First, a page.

Just outside the chapel, we saw a framed story about the chapel. I thought it was interesting, so I have included it here.
- This ancient chapel was built c. 1533 so completing the friary established here in c. 1480 by the Franciscan Order.
- In 1704 Gibraltar was captured by a British force and this chapel became a Church of England place of worship, and the convent itself a residence for the governor.
- The sieges which followed the capture caused damage until, finally, during the Great Siege (1779 – 1783) a large part of the nave had to be pulled down.
- In the restoration (1783 – 1788) that part of the nave was permanently excluded from the chapel and it remains in this shortened form to this day.
- The chapel was closed in 1833 upon the completion of a new garrison church (now the Cathedral Church of the Holy Trinity); it was re-opened in 1843.
- Alterations were made in 1843 and 1877, an east window was added. In 1887 the organ was installed after alterations had been made to accommodate it.
- Major repairs were carried out in 1888 when the nave roof was renewed. Minor alterations and further repairs were made in 1924.
- On 27 April 1951, the ammunition ship Bedenham blew up in the harbor and once again the Kings Chapel sustained heavy damage.
- In restoring it alterations and improvements have been made, details of which may be found in guide books and pamphlets available in the chapel.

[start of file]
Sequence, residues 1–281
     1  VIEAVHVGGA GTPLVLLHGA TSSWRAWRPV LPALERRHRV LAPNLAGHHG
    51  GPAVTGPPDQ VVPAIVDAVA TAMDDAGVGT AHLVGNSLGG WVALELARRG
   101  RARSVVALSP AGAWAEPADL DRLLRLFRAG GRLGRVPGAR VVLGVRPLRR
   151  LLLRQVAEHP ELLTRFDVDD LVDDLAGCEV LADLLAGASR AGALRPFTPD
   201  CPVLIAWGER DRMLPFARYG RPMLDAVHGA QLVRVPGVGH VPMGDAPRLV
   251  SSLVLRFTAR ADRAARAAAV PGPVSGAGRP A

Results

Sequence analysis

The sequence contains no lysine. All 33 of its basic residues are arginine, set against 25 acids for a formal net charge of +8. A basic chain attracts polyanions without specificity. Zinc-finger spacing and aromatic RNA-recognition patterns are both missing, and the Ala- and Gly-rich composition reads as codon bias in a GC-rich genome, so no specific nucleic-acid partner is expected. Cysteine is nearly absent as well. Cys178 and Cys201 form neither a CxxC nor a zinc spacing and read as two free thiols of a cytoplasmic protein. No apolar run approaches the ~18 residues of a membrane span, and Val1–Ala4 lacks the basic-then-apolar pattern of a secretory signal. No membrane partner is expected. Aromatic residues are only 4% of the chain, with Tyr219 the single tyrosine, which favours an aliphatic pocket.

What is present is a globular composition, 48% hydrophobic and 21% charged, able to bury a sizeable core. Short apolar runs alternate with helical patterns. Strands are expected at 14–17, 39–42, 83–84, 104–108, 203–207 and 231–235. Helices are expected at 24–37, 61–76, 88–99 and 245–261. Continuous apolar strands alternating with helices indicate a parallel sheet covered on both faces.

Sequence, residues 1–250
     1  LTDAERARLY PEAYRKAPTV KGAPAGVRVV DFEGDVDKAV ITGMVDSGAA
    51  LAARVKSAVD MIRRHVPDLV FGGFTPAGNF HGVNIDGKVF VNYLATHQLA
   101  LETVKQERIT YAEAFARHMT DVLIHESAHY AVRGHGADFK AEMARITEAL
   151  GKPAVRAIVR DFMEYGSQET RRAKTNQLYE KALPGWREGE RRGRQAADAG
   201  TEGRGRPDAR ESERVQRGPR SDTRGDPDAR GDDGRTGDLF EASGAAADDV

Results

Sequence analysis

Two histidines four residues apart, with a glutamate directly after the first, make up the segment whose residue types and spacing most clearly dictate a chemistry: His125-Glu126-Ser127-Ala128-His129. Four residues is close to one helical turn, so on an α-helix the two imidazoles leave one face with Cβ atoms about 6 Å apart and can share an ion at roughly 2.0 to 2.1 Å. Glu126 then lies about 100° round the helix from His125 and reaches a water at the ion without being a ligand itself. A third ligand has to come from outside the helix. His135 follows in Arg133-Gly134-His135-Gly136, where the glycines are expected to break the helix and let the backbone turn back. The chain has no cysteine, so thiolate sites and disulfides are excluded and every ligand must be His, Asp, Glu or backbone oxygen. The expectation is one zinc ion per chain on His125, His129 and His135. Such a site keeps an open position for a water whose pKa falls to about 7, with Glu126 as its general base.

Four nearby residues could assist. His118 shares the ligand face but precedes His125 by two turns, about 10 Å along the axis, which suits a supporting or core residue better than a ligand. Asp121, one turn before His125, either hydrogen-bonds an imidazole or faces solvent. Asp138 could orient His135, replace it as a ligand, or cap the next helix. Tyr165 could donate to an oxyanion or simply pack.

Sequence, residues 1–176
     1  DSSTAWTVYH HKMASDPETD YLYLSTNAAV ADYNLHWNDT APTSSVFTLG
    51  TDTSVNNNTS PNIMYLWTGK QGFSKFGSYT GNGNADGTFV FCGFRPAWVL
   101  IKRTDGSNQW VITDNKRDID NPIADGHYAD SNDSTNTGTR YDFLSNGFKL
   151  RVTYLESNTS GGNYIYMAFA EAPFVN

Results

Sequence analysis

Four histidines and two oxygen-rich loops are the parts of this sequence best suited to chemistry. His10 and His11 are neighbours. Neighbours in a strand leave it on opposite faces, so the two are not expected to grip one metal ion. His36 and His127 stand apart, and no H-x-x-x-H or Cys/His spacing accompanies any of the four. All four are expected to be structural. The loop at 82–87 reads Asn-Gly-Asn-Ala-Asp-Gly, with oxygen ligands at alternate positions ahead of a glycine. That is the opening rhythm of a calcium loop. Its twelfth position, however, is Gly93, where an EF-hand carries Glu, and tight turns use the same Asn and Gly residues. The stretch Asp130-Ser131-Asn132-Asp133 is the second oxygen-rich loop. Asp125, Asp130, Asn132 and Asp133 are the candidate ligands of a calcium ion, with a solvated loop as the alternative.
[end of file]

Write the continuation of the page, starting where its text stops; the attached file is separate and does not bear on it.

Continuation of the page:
- Open daily for quiet, rest and prayer.
We found ourselves in a tiny chapel. Including us, the pastor, his wife, and his son, there were 27 of us there for the service. Listening to the service with the pastor’s British accent put a different touch on the service.
We left the church and walked around for a few minutes. We quickly decided to go since nothing was open. We drove back into Spain. Once again, we were the only car crossing the border.
It was about 12:30, so we decided to try to find something to eat. Just across the border, we stumbled upon La Braseron Asador de Carnes. When we entered, an employee told us we were about 30 minutes too early for lunch. So we sat in the bar and had a vino tinto, of course.
Right on cue, the waiter took us to our table. To start, we had Patatas Bravas, a type of diced, fried potatoes covered in a red sauce, served warm. We could hardly stop ourselves from eating them all.
For the main course, the kids had grilled chicken breast, and the adults each had a half chicken from a wood-fired oven. I have to say; it was the best chicken I can ever remember eating. For dessert, the kids had Tarta de Chocolate. Leslie and I had coffee. Soon after bringing our coffee, the waiter returned with some wrapped sweets for Leslie and I. He said they were traditional Spanish Christmas sweets. They were as follows:
- Polvoron – ** (very crumbly, shortbread biscuit)
- Mantecado de Cacao – * (Cream of Cocoa)
- Mantecado de Canela – *** (Cream of Cinnamon)
The stars reflect our ranking of each one. The total for lunch came to 71.85€ (US$88); oh, small towns!! We left the restaurant and began our drive back to Rota.
Just outside of the town of Jerez de la Frontera, we drove by the Cartuja de Santa Maria de la Defension (Monastery of St. Mary of Defense). It was not completely open, but we were able to find out it dated from the late 1400s. Too bad we could not have gone to Christmas mass there!
Monastery of the Sisters of Bethlehem.
Another unusual sight on the way back was the cactus fences. They looked like prickly pear cactus, but much more substantial. They stand about six feet tall and are in place of barriers on several of the farms we passed.
We arrived back at the Lodge at about 16:00.